Basden v. Prof'l Transp., Inc., No. 11-2880 (7th Cir. 2013)

Annotate this Case
Justia Opinion Summary

Basden was hired as a PTI dispatcher in 2007, subject to an attendance policy that did not differentiate between absences for medical reasons and other absences. Basden had two absentee incidents in 2007. In January 2008, Basden became dizzy and fell in her home. A CT scan suggested that she might have multiple sclerosis. She was considered to have five absence incidents following her fall, prompting a verbal warning. Absences in April were treated as a sixth incident, resulting in a written warning. She began to feel numbness in her hands she asked to be relieved of assignments that required additional typing. The company moved her back to dispatcher, but eventually returned her to the typing duties. At her request, Basden was moved to a part-time position. Basden was absent again in May and was suspended for three days. Her request for leave was denied and she did not return to work. Her employment was terminated. In her suit under the Americans With Disabilities Act and the Family and Medical Leave Act, the district court found that Basden had failed to establish a prima facie right to the protection of either statute and granted PTI summary judgment. The Seventh Circuit affirmed.

Download PDF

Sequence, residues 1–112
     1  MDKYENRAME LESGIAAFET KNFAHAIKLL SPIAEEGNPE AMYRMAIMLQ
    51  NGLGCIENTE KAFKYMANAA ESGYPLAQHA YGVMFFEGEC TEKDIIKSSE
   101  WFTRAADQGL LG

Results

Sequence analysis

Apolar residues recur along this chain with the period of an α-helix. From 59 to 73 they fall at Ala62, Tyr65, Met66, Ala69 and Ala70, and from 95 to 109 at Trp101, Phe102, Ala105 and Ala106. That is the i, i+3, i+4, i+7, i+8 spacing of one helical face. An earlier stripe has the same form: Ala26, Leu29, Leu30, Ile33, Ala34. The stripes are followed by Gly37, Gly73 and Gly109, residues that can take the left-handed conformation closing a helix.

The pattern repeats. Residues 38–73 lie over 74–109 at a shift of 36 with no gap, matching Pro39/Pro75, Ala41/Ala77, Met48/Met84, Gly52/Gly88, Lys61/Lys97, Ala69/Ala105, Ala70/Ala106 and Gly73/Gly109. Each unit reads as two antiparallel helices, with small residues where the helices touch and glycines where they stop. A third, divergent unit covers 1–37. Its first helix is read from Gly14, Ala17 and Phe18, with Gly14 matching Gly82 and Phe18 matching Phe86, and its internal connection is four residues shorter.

In the United States Court of Appeals For the Seventh Circuit No. 11-2880 T ERRI B ASDEN, Plaintiff-Appellant, v. P ROFESSIONAL T RANSPORTATION, INC., Defendant-Appellee. Appeal from the United States District Court for the Southern District of Indiana, Evansville Division. No. 10 CV 00002 William T. Lawrence, Judge. A RGUED F EBRUARY 10, 2012 D ECIDED M AY 8, 2013 Before R IPPLE and R OVNER, Circuit Judges, and C OLEMAN, District Judge. C OLEMAN, District Judge. Terri Basden filed a complaint alleging that she was terminated from her employment with Professional Transportation, Inc. (PTI) in Hon. Sharon Johnson Coleman of the Northern District of Illinois, sitting by designation. 2 No. 11-2880 violation of the Americans With Disabilities Act (ADA) and the Family and Medical Leave Act (FMLA). The district court found that Basden had failed to present evidence sufficient to establish a prima facie right to the protection of either statute and granted summary judgment in favor of PTI. We affirm. The parties do not dispute the facts underlying this action. PTI provides around-the-clock ground transportation service for railroads seeking to move their train crews from one route to another. Basden was engaged by PTI as a dispatcher on June 29, 2007. Employees at PTI s dispatch center were subject to an attendance policy that defined an incident of absenteeism as a period away from a scheduled shift for a minimum of four hours. An absence of up to five consecutive shifts for a single reason could be considered one incident. The attendance policy provided that after an employee s fifth incident within a year, a verbal warning could be given; after her sixth incident, a written warning could be given; after her seventh, a three-day suspension could be given; and after her eighth, she could be terminated. The policy did not differentiate between absences for medical reasons and other absences. Basden had two absentee incidents in 2007, and the record does not reveal the cause of those absences. In January 2008, Basden became dizzy and fell in her home. She was treated at an emergency room, and the attending physician referred her to a neurologist after a CT scan showed abnormalities that suggested that she might have multiple sclerosis. She was absent from No. 11-2880 3 work from January 14 through January 17, and this absence was treated as her third incident. She had another episode of dizziness and returned to the emergency room on February 1, which resulted in another absence and her fourth incident under the dispatch center policy. Basden was absent from March 13 through March 15, which was considered her fifth incident and prompted a verbal warning. Absences on April 7, April 8, and April 11 through April 14 were treated as a sixth incident, resulting in a written warning. She provided a note from her physician after each of her absences, and made an appointment to see an MS specialist on June 23, 2008, the first available date. She had been assigned closer duties, which required more typing than the pure dispatcher role, and when she began to feel numbness in her hands, she asked to be relieved of closer assignments. The company moved her back to dispatcher, but eventually returned her to the closer duties. Basden also asked to be moved to a part-time position. The position she sought in her first request was given to another employee, but a second request was granted and she moved to part-time work on May 1, 2008. Basden was absent again on May 22, 2008 and was suspended for three days. PTI s policy permitted an employee with at least a year s tenure to request an unpaid 30-day leave of absence. On May 23, 2008, Basden submitted a leave request form, even though she had not yet been with the company for a year. On the form, she indicated that the leave was necessary 4 No. 11-2880 because of complications due to medical illness (MS). That request was denied, and when Basden failed to return to work following her suspension, her employment was terminated. Basden s complaint alleged that her termination violated both the ADA and the FMLA. The district court entered summary judgment in favor of PTI. We review that decision de novo. Narducci v. Moore, 572 F.3d 313, 318 (7th Cir. 2009). ADA Claim Basden claims that PTI violated the ADA when it denied her request for a 30-day leave and instead terminated her. To prevail on an ADA claim, a plaintiff must show that (1) she is disabled; (2) she is otherwise qualified to perform the essential functions of her job with or without reasonable accommodation; and (3) her employer took an adverse job action against her because of her disability or without making a reasonable accommodation for it. Winsky v. Cook County, 563 F.3d 598, 603 (7th Cir. 2009). To survive a motion for summary judgment, she must present the court with evidence that, if believed by a trier of fact, would establish each of the elements of her claim. Kotwica v. Rose Packing Co., Inc., 637 F.3d 744, 748 (7th Cir. 2011). In the present case, Basden failed to present sufficient evidence that she was qualified to perform the essential functions of her job even with a reasonable accommodation. An employer is generally permitted to treat regular attendance as an essential job requirement and need not accommodate erratic or unreliable attendance. EEOC v. No. 11-2880 5 Yellow Freight System, Inc., 253 F.3d 943, 948-49 (7th Cir. 2001). A plaintiff whose disability prevents her from coming to work regularly cannot perform the essential functions of her job, and thus cannot be a qualified individual for ADA purposes. Waggoner v. Olin Corp., 169 F.3d 481, 484-85 (7th Cir. 1999). Her ability to come to work, or to otherwise perform the essential functions of her job, is examined as of the time of the adverse employment decision at issue. Ammons v. Aramark Uniform Services, Inc., 368 F.3d 809, 818 (7th Cir. 2004). In response to an employer s motion for summary judgment, it is the plaintiff s burden to produce evidence sufficient to permit a jury to conclude that she would have been able to perform the essential functions of her job with a reasonable accommodation. Hammel v. Eau Galle Cheese Factory, 407 F.3d 852, 863-64 (7th Cir. 2005). As of the May 2008 termination of her employment, Basden had been told by physicians that it was likely that she had MS, but had not yet seen the specialist who made the conclusive diagnosis of her condition. The record indicates that she did not start medication for MS until July 2008. The record does not show the extent to which that medication alleviated her symptoms. At her deposition, plaintiff testified that her condition got worse a couple times after she left PTI, then leveled off. Her next employment was with a company called Koch Originals. While the record does not explicitly detail the length of Basden s stay at Koch, her deposition testimony does suggest that her tenure was short. She recalled that she 6 No. 11-2880 worked at Koch during September 2008, and at her June 2010 deposition, she testified that she had just begun a new part-time position after being unemployed for approximately a year and a half. While working at Koch, Basden had a two-week absence that she attributed to MS. Even with all reasonable inferences from the foregoing drawn in Basden s favor, we cannot conclude that the evidence of her subsequent employment would permit a jury to find that the combination of leave and medication would have enabled her to return to work on a regular basis. Basden did not present medical evidence regarding the effectiveness of her treatment. At her deposition, she testified only that at the time she requested leave from PTI, she had hoped that a diagnosis from a specialist and the use of prescription medication would allow her to return to work. In Weigel v. Target Stores, 122 F.3d 461, 468-69 (7th Cir. 1997), this court found that an affidavit from the plaintiff s psychiatrist stating that there was a good chance that she would be likely to be able to return to work with treatment was too conclusory and uninformative to support a conclusion that an accommodation would have been successful. The court affirmed summary judgment in favor of the employer because of the plaintiff s inability to establish the existence of a genuine issue of fact on the question of her status as a qualified individual with a disability. Id. at 469. In the present case, Basden responded to PTI s summary judgment motion with evidence that medication improved her condition; that she had hoped for enough No. 11-2880 7 improvement to return to work regularly after leave; and that she subsequently had brief employment that was interrupted by a two-week absence caused by her condition. This evidence was insufficient to support a factual finding that Basden was able to come to work regularly at the time of her termination, or that her regular attendance could have been expected following the leave she sought or with any other accommodation. Basden contends that Haschmann v. Time Warner Entertainment Co., 151 F.3d 591 (7th Cir. 1998), supports her argument for reversal of the district court, but the facts presented to the Haschmann court are distinguishable from those at issue here. In Haschmann, the plaintiff had been diagnosed before her termination with a condition that caused an intermittent need for leave but permitted her return to a normal work schedule thereafter. 151 F.3d at 599-600. The plaintiff s prediction of a brief need for leave was supported by her doctor. Id. at 601. In contrast, at the time of Basden s termination, she had no final diagnosis, no prescribed treatment, and no anticipated date by which she could have been expected to attend work regularly even if she had been granted leave. Basden also argues that PTI failed to engage in the interactive accommodation exploration process required by the ADA and that it did not establish that the leave she sought was unreasonable. She correctly notes that an employee s request for an accommodation requires the employer to engage in a flexible, interactive process to identify a reasonable accommodation. Beck v. 8 No. 11-2880 University of Wisconsin Bd. of Regents, 75 F.3d 1130, 1135 (1996). Basden sought a 30-day leave that, according to PTI s policy, she would have been eligible to request with two weeks additional seniority. Rather than engage in an interactive process, PTI denied the request for leave and terminated her. On the record presented, we cannot conclude that PTI s response to Basden s request was appropriate under the ADA. However, the failure to engage in the interactive process required by the ADA is not an independent basis for liability under the statute, and that failure is actionable only if it prevents identification of an appropriate accommodation for a qualified individual. Rehling v. City of Chicago, 207 F.3d 1009, 1016 (7th Cir. 2000). Even if an employer fails to engage in the required process, that failure need not be considered if the employee fails to present evidence sufficient to reach the jury on the question of whether she was able to perform the essential functions of her job with an accommodation. Bombard v. Fort Wayne Newspapers, Inc., 92 F.3d 560, 563-64 (7th Cir. 1996). Because there was no evidence permitting a conclusion that Basden was a qualified individual for ADA purposes, the district court correctly entered summary judgment for PTI on her ADA claim despite any shortcomings in PTI s response to her request. FMLA Claim Basden also sought relief from PTI for interference with her FMLA rights. It is undisputed that Basden was No. 11-2880 9 terminated before she had been employed by PTI for 12 months. According to the statute s explicit terms, employees without 12 months of tenure are ineligible for its protection. 29 U.S.C. ยง 2611(2)(A)(I). Basden argues that the statute should not be interpreted to preclude relief for non-eligible employees who request leave for future periods. However, her request, made before she was eligible for FMLA protection, sought leave that would have commenced before her eligibility began. Basden cites no authority for extending the statute s protections to her situation, and arguments for such extension have been squarely rejected elsewhere. There can be no doubt that the request made by an ineligible employee for leave that would begin when she would still have been ineligible is not protected by the FMLA. Walker v. Elmore County Board of Educ., 379 F.3d 1249, 1253 (11th Cir. 2004). We find no basis for such extension here and hold that the district court properly granted summary judgment for PTI on Basden s FMLA claim. For the foregoing reasons, the judgment of the district court is affirmed. 5-8-13